To illustrate the type of testimony which prevails throughout this record, we quote:"Q I am not clear. Maybe the court is. Can you give us an idea where the Slagle mine is, just roughly, and the Tyler mine, so we won't be confused with these two. Would you do that without being confused yourself? "A They ain't got the road marked on there. This looks more like the old road that goes to the Slagle mine, and this other (indicating), it took off way down here somewhere and wound up around here (indicating) and crossed Burro Creek. "Q Higher. Where's that other map. It's pretty small, but maybe you can see it. Shows several parallel deals here (indicating). Could you at least get clear about the Slagle and Tyler mine road? I think the judge would want to know those a little more clearly. "A I ain't much on reading maps. "Q This, of course, is north, Mr. Locke (indicating). This would be north, this would be going east (indicating). See, come in this way (indicating). "A Burro Creekhere's where the road crosses the creek here (indicating). "Q Well, first, right down here is where the main highway is (indicating). Then you go up here, and about in here (indicating), is where Masdens' place is. I am not quite sure "MR. PETRIE: Here's where you are crossing the creek (indicating)." * * * * * "Q Now, let's get located here somewhere. Assume that this is Burro Creek here (indicating), this white line here is a road, starting at that point, which way would you say was the new road that you built to the Tyler mine? Where's the road that "A I would say this would be it (indicating). That would go off here (indicating). *603 "Q Assuming further that the Tyler mine is here (indicating), assuming the Tyler mine is actually shown here (indicating), now "A Well "Q I direct your attention to this line along here (indicating), comes down this way (indicating) and up this way (indicating) and along this way (indicating), would you say that is the new road that you built to the Tyler mine? "A No, I wouldn't. "Q Directing your attention to the fact that there is a fork in the road here (indicating), would you say that correctly locates the relative position of the two mines? "A Yes, that could be. * * *."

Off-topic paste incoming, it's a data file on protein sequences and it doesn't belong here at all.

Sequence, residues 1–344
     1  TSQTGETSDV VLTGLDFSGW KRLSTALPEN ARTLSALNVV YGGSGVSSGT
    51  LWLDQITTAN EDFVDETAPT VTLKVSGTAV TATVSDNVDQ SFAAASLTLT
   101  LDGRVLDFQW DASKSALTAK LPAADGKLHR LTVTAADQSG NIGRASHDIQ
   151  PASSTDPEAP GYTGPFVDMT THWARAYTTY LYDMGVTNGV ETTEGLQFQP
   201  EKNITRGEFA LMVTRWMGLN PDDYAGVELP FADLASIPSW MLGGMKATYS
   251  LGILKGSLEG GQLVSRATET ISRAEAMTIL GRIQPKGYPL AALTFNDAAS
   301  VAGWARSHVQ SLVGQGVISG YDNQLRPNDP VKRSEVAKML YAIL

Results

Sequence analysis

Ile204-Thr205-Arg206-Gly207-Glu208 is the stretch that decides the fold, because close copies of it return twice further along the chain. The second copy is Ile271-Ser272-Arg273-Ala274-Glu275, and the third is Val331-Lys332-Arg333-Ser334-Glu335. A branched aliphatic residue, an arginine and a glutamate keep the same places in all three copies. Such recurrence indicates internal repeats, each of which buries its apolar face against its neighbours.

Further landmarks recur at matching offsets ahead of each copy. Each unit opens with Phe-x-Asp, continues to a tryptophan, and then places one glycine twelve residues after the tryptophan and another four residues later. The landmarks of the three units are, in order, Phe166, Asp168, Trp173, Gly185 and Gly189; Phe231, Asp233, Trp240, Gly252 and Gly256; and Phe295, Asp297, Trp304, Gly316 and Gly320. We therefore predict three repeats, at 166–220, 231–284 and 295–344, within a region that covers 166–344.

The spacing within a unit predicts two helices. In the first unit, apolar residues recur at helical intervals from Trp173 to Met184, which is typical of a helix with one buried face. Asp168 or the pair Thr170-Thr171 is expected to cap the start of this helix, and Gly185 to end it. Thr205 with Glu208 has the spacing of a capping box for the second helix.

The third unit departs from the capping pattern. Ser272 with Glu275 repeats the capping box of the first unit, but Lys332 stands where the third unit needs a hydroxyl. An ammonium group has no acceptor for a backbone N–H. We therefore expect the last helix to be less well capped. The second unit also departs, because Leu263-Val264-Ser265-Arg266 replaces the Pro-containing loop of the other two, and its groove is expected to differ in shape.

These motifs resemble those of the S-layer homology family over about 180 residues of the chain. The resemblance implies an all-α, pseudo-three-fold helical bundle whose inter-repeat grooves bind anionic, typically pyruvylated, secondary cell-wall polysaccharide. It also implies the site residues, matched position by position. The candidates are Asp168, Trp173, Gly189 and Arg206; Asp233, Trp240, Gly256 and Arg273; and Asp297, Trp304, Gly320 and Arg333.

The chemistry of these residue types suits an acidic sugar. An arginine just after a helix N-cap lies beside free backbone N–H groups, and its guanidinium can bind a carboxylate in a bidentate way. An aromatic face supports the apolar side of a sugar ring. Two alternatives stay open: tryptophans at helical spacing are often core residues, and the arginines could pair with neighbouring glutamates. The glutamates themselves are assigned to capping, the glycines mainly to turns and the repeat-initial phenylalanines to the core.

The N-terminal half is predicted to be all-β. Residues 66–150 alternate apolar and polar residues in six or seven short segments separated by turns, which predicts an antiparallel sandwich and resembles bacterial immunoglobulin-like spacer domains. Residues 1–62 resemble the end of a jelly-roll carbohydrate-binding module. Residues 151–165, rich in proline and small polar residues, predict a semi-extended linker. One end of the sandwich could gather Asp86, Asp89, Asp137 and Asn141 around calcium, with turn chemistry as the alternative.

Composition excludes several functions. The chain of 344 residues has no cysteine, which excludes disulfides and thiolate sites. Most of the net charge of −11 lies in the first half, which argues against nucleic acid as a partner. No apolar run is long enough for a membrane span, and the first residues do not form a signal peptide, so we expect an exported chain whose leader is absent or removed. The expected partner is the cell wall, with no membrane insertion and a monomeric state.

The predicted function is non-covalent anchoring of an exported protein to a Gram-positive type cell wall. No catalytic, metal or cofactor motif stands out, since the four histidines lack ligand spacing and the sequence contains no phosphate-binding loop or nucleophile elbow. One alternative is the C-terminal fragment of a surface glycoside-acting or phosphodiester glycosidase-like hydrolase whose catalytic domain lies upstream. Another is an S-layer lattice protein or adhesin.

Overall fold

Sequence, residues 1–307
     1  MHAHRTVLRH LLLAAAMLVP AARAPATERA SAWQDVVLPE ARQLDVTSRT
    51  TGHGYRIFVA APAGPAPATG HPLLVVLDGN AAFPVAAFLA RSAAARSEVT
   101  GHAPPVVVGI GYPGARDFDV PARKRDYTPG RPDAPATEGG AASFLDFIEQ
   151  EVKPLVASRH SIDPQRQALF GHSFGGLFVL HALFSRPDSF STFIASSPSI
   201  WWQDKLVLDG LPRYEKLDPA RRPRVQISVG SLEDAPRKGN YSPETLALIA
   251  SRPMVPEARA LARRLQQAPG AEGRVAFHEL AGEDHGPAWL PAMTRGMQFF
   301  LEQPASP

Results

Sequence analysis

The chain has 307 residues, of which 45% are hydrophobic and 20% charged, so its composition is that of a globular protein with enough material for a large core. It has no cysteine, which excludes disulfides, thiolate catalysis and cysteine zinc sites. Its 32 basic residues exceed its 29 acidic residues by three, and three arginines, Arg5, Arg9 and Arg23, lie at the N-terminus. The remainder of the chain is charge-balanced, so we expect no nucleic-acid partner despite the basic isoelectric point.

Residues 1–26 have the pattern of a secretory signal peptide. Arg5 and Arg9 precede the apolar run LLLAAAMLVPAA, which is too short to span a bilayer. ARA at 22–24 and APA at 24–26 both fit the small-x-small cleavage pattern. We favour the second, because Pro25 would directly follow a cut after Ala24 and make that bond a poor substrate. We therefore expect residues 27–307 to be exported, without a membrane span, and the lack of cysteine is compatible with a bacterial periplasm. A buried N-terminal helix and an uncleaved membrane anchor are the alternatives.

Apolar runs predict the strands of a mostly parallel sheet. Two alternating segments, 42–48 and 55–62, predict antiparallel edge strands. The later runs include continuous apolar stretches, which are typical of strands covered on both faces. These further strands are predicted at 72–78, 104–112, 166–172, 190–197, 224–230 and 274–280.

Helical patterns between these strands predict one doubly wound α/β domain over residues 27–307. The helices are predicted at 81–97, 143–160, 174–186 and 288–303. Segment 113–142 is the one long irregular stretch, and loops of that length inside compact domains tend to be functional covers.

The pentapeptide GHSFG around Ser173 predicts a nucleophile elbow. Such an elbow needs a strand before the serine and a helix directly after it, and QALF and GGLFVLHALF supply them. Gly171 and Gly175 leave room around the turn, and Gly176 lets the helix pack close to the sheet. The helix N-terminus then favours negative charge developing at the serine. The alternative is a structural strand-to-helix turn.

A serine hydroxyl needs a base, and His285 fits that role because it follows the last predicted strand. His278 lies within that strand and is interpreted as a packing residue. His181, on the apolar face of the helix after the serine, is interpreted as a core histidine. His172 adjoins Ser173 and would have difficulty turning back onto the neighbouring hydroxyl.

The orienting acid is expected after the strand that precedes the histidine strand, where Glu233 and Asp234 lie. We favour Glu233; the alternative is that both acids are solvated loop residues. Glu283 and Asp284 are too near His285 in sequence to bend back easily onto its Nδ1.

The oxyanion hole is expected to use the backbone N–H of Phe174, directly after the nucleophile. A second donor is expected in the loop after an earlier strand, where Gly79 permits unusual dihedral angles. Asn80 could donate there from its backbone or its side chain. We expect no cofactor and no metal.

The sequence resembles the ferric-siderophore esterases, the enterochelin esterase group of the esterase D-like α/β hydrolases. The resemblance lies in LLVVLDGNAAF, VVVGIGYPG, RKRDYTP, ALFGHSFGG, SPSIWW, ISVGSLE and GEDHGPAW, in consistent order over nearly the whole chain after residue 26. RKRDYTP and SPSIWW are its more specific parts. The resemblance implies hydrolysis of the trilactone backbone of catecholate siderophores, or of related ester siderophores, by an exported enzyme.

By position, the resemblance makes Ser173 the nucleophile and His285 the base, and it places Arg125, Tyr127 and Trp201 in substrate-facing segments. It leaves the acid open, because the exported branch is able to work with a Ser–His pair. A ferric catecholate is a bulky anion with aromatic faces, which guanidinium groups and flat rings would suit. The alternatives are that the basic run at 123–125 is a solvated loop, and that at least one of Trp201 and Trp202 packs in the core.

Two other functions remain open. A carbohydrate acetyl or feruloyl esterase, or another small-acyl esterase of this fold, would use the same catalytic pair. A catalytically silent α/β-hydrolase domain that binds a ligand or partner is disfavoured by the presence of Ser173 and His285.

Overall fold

The trial court, pursuant to agreement of counsel, viewed the area in which the road or roads are alleged to be located. Also the foregoing language, which is obviously meaningless to one reviewing the record, may have been meaningful to the trial judge, who could view the pointing of counsel and the witnesses to points of interest on a map.
The trial court found the issues against the Board, and concluded:"1. The road in question was built by or for the homestead entryman partly on his own homestead and partly on land already patented and no public road could therefore exist under the laws governing the establishment of roads on the public domain. "2. There has never been a dedication by the owners of this road to the public use. "3. There has been no adverse use of this road by the public for any period of twenty consecutive years and any use by persons other than the adjacent property owners has been permissive. "It is therefore adjudged and decreed as follows: "1. That the amended complaint herein be dismissed. * * *."
The Board in relying upon adverse use of defendants' lands for road purposes had the burden of proving such usage by clear and convincing testimony.
In Evans v. Welch, 29 Colo. 355, 68 P. 776, this court said:"* * * It is incumbent upon one who relies upon an adverse possession to extinguish the legal title to establish the necessary facts by clear and satisfactory evidence. * * *"
Here the trial court held the evidence insufficient to sustain the Board's contentions. From the record before us we cannot say that the conclusions of the trial court are incorrect. Certainly the evidence as disclosed by the record before us is neither clear nor satisfactory. From the record before us we cannot conclude that the Board proved by clear and satisfactory evidence, or at all, that defendants' titles had been extinguished by adverse use.
No real problems of law are involved. The whole case depends on the factual situation. The trial court not only heard the testimony, observed the demeanor of the witnesses, but also had the advantage of a view of the area and visual observation of the maps, the use thereof, and the innumerable pointings of witnesses to points of presumed interest.
We find nothing in the record to hold as a matter of law that the findings of the trial court are contrary to or unsupported by the evidence.
The judgment is affirmed.
DAY and McWILLIAMS, JJ., concur.